Fireworks, barbecues and outdoor fun go hand in hand with Independence Day, but your dog may not be having as good a time as you are. The loud noises and change in routine can upset your four-legged friend.
The sound of fireworks commonly causes dogs to panic and run away. The American Kennel Club offers the following tips to help both dogs and humans have a happy and safe Fourth of July:
* Safety first. Even though you enjoy your dog’s company, it is safer to keep your dog at home during Fourth of July celebrations instead of bringing him to your friend’s party. Being outside in a new environment with the loud noises can increase his anxiety levels. Keep him in the house where he is comfortable rather than in your yard. He will be a lot happier indoors and not tempted to leap over a fence to try to find you.
* Avoid sharing the scraps. While tempting to our pets, human food is not for dogs. A sudden change to your dog’s diet can cause an upset stomach. Additionally, certain foods like grapes, onions, raisins and avocados can be toxic.
* Be sound sensitive. Fireworks may be pretty, but they are very loud, and the noise can be extremely scary for your dog. Once the displays get started, keep him in a room where he is relaxed. Block outside sights and sounds as much as possible by lowering the blinds and turning on the television.
* Keep his collar on. Proper identification is extremely important in case your dog gets loose. Make sure to keep his ID tag’s contact information up to date and consider having him microchipped so he can always be identified and located in the event your dog gets lost.
— American Kennel Club
Save your skin with sunscreenSunscreen may be big business, with sales topping $1 billion last year, but not nearly enough of us seem to buy into its importance, says Consumer Reports. More than half of the respondents in a new Consumer Reports survey say they usually skip sunscreen.
But knowing the facts can save your birthday suit — and possibly your life.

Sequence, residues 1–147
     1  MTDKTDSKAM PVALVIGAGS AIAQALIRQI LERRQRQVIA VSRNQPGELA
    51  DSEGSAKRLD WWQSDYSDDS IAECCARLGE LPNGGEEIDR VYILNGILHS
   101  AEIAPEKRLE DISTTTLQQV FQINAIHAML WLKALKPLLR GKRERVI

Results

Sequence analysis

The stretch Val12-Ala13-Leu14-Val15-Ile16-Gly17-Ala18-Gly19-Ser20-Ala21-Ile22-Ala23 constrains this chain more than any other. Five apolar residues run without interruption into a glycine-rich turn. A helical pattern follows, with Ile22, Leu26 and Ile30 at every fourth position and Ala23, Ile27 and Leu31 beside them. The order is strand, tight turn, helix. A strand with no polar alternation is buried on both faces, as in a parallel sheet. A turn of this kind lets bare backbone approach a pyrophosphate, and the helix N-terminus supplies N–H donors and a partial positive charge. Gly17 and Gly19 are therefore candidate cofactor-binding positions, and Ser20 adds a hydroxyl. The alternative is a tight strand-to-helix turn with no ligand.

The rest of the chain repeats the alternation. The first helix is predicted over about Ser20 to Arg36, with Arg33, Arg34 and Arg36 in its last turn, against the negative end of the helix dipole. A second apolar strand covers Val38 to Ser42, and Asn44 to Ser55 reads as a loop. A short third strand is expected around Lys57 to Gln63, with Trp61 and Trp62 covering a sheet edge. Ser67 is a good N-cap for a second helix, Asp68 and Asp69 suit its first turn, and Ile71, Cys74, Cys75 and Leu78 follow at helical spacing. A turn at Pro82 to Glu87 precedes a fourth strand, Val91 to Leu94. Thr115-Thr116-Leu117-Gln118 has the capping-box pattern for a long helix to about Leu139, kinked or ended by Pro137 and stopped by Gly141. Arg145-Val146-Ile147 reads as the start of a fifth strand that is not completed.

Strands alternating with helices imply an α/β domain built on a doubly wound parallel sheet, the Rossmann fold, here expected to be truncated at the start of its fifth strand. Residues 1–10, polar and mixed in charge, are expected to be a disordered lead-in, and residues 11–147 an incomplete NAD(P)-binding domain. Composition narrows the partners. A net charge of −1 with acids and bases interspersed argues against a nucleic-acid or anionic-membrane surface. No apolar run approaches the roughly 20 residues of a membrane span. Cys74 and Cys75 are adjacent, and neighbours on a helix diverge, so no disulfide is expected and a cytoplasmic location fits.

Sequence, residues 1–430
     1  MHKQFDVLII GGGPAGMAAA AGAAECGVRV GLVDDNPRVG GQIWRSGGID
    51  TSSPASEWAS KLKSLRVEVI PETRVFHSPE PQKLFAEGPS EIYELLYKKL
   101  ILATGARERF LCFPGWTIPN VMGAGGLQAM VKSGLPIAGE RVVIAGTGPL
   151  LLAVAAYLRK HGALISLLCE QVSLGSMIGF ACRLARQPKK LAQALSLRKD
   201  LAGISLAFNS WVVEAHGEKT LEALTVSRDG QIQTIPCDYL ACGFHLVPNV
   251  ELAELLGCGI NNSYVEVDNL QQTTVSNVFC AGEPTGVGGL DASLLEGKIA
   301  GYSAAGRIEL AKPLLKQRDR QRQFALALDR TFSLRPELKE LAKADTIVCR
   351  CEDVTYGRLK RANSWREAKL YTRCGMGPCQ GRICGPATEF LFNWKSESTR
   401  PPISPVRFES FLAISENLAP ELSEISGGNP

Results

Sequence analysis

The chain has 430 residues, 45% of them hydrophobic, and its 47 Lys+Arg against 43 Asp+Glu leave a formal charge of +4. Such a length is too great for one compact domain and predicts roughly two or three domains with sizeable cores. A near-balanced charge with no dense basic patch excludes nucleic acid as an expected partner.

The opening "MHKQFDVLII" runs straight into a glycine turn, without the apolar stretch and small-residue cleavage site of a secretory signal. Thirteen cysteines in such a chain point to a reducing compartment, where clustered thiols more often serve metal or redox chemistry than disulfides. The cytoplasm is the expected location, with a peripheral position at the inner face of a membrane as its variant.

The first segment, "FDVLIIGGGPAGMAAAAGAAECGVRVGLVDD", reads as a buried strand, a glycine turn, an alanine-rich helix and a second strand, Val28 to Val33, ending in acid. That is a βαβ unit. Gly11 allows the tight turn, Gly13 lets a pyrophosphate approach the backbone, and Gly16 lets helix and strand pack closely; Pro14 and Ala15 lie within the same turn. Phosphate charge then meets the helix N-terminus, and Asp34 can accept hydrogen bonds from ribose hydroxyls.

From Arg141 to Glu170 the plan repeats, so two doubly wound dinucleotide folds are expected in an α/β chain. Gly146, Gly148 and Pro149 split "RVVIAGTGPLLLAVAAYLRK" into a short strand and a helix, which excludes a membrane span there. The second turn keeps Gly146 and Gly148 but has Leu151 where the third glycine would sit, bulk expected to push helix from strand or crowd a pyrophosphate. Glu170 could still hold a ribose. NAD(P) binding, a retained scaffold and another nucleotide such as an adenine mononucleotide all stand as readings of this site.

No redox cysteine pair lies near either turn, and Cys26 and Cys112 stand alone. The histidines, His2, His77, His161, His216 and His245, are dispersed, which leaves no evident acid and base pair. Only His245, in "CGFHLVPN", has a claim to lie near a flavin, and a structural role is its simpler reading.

1. You’re never too old to start wearing sunscreen. By age 40, you’ve racked up only half of your lifetime dose of UV rays; by age 60, just 74 percent. And for those older than 50, being in the sun sans protection can be particularly dangerous.
2. Covering up should be your first priority. Research shows that people who rely on sunscreens alone tend to burn more than those who stay in the shade and wear long sleeves. Avoid the sun or stay in the shade when the sun is the strongest (10 a.m. to 4 p.m.), and dress right for the occasion. Wear a hat and clothing that’s made from tightly woven fabric.
3. Sunscreen can give you a false sense of security. It’s a common misconception that if you’re wearing sunscreen, you can stay in the sun for as long as you like. Some studies show an association between sunscreen use and an increased risk of skin cancer, probably because users felt more protected and increased their sun time — often without reapplying. Sunscreen is protective, but it’s not a magic bullet.
4. A little dab won’t do ya. You should apply about 2 tablespoons for face and body. It’s important to reapply every two hours when you’re out in the sun; even very high-SPF sunscreens lose their effectiveness after that.
5. There are sunscreen safety rules. The sunscreens in sprays can protect your skin as well as lotions. But they aren’t right for everyone. Sprays are flammable, so you shouldn’t use them if you’ll be near an open flame, such as a grill. The product can be inhaled, so don’t apply it directly to your face; spray into your hand, then rub in the sunscreen. Because of those concerns, Consumer Reports recommends not using sprays on kids.
— Consumer Reports
Bug-proof your summerDeet. Yard foggers. Bug zappers. In the quest for an insect-free summer, Americans turn to a bevy of products that companies promise will repel, trap, kill or otherwise neutralize pests, notes Consumer Reports.
Consumer Reports’ tests over the years have found that some products, especially chemical-based insect repellents, can help keep away ticks and mosquitoes. But its safety experts also worry about the risks they may pose to people and the environment.
Consumer Reports offers these steps you can take to control the pests.
* Mosquitoes. Manufacturers now sell mosquito traps that use fans, electric grids or adhesive pads to capture and kill mosquitoes. The devices do kill some of them, but it’s unclear whether that translates into a noticeable reduction in the mosquito population, Even less impressive are devices that use light, sound or smell to lure mosquitoes.